Today, although reticent by dint of either embarrassment and/or secretiveness on the subject of its size, the Society will occasionally cite "tens of thousands and growing"  as a membership figure; several employees terminated in the 1990's, whose positions made them privy to data concerning membership, the Society's "Continuing Support Club," the circulation figures for various publications, Chapter rosters, etc., estimate the number at anywhere from a low of 5,000 to a high of 20,000. But whatever the correct number is, it is inherently misleading vis-à-vis the Society's effectiveness.
For one thing, the structure of the Society severely limits individual initiative; it would be impossible to calculate the amount of energy and efficacy squandered because of the monolithic control exerted by JBS Headquarters through its paid national field staff ("Coordinators," "Major Coordinators," and "Fund Raisers"). For another, there is no distinction on the JBS roster among active members, who man picket lines and county-fair literature booths and show up at the Post Office every April 15th to distribute anti-IRS pamphlets; mere dues-payers who attend monthly Chapter meetings to watch a semi-professional video or two and endure incessant "special [fund-raising] drives" to keep the Society afloat; and non-dues-payers, who continue to be carried as members because of connections at the Home Office, lousy record-keeping, or simple deceit. 
Of course, in The John Birch Society, as in any activist organization, there is a hard core of truly active, sometimes even effective members -- but in the JBS it is pretty much limited to the paid field staff, their sycophants, and perhaps one or two go-getters per Chapter (the size of which can range dramatically, from just three or four members to several dozen). But the Society's numbers continue to dwindle, as do the proceeds from the endless fund-raisers.  And, following two years of much-ballyhooed "reorganization" whose major accomplishment has been the firing of dozens of field personnel, headquarters employees, and magazine staffers , the Society's self-serving leadership is unable to stop stories of its gross incompetence from spreading throughout its crumbling empire.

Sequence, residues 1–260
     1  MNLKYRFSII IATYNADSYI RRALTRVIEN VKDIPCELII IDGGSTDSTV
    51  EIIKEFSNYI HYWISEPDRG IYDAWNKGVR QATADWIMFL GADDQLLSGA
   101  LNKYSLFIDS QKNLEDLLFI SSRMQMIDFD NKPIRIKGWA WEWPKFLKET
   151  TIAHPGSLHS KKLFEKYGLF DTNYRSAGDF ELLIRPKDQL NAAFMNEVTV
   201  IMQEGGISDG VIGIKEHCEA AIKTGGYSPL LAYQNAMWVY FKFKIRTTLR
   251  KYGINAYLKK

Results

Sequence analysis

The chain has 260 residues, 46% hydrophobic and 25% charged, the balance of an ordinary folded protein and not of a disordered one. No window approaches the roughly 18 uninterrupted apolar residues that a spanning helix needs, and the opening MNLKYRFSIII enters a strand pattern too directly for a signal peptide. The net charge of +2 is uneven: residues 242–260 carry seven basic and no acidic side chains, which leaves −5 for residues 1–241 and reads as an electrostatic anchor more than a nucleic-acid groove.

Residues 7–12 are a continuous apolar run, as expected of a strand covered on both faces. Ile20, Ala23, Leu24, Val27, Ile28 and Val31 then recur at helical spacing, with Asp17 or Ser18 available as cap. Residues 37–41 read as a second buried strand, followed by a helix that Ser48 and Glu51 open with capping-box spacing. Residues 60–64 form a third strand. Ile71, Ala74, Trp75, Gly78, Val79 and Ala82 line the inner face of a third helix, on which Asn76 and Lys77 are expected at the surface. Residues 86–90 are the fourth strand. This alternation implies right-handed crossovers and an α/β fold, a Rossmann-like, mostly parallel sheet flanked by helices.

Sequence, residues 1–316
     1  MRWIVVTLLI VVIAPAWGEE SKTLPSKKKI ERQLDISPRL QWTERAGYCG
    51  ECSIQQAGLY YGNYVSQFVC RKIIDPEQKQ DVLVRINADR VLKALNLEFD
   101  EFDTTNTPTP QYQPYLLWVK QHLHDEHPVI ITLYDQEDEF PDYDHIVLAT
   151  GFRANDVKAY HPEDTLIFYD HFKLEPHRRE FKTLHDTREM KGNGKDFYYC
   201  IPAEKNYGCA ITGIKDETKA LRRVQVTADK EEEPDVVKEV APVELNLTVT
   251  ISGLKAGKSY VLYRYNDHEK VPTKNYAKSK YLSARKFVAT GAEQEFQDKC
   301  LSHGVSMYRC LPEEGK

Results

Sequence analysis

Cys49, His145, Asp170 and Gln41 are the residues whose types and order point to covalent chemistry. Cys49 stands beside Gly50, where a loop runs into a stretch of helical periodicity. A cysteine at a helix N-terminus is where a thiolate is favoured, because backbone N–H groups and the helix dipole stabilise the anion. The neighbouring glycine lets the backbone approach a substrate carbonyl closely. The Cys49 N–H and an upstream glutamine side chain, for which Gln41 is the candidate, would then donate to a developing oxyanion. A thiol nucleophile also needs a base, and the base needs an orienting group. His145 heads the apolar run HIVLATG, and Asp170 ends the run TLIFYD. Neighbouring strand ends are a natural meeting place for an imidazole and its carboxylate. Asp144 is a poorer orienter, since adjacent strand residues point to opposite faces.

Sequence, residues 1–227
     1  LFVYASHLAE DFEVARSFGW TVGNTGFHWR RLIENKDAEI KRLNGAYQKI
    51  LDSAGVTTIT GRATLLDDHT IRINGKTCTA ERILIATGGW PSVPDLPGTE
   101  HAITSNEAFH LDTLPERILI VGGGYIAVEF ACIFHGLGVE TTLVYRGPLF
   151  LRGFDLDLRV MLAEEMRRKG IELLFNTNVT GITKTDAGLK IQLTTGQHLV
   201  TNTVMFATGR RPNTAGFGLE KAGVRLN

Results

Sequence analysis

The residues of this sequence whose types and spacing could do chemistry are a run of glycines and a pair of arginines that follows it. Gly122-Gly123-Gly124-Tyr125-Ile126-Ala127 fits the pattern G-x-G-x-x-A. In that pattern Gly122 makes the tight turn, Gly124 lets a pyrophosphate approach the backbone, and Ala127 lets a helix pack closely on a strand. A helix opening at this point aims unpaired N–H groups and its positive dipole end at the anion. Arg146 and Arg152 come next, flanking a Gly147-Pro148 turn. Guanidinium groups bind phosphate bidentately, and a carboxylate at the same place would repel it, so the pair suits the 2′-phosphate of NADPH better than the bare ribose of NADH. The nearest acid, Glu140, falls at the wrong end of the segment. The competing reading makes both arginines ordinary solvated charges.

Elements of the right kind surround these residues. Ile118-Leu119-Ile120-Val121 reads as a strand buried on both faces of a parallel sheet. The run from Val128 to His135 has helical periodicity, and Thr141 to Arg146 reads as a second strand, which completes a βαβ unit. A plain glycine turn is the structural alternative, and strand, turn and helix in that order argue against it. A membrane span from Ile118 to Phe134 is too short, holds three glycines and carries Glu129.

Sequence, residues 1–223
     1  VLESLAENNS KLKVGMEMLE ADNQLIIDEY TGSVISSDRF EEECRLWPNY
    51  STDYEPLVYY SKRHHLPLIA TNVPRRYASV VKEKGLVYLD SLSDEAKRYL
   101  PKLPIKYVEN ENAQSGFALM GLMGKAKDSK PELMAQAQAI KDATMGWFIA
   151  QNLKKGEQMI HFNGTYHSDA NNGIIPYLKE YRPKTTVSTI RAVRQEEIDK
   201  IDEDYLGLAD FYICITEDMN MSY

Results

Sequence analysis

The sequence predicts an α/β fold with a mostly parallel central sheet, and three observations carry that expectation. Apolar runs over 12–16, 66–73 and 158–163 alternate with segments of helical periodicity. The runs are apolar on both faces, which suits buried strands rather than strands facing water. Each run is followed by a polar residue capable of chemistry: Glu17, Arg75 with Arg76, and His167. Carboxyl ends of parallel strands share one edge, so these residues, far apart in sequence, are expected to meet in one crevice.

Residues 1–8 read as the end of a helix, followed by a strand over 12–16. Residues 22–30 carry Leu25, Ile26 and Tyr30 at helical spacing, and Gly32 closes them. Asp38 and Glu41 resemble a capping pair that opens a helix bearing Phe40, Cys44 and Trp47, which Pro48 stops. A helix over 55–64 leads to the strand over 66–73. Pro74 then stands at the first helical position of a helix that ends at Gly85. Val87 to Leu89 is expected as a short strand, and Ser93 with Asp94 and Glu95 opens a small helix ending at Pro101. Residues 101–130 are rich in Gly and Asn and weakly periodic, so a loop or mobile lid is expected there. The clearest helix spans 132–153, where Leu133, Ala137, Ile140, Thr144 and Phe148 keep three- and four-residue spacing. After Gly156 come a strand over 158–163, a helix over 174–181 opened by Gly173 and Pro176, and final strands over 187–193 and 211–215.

After over 30 years of mishaps, mismanagement, and petty intrigues -- including bitter, divisive, financially devastating power struggles that followed the long decline and eventual death in 1985 of founder Robert Welch -- The John Birch Society has lost its ability to recruit or retain members, despite its claims to the contrary. Worse than that, the JBS -- through obstinacy, ineptitude, contempt for non-believers, and an inability to explain its "historic mission" either succinctly or intelligibly -- has frittered away even the marginal influence it exerted in conservative politics at its mid-sixties peak. Worst of all, the group has wasted millions of dollars in dues, pledges, and publishing revenues on ludicrously expensive severance packages for former executives and favored employees, costly service contracts for antiquated typesetting equipment that didn't even work, and sundry other misadventures and poor investments.
"I'm surprised it's lasted this long," says a former member from Las Vegas who was booted out of the group for "not being a good little sheep." Now active in the Libertarian Party, this Birch alumnus, who is too embarrassed to be named, calls the Society's current leaders "professional liars and schemers."
Throughout its entire history, The John Birch Society has operated on an ever tightening budget that has generated ever more emotional pleas for members, funds, and attention. Although F. R. Duplantier, former editor of the Society's magazine, "The New American", marvels that the organization has always seemed "to muddle through somehow," the Society's muddling days may be numbered, as its loss of relevance to American political life is paralleled by the loss of any coherent identity, a fatal inability to stay staffed, capitalized, and directed, and a growing realization among members that something is rotten in Appleton.
Next time: Part 2 of "The Road to Irrelevance"
 "Liberty" magazine, June 1990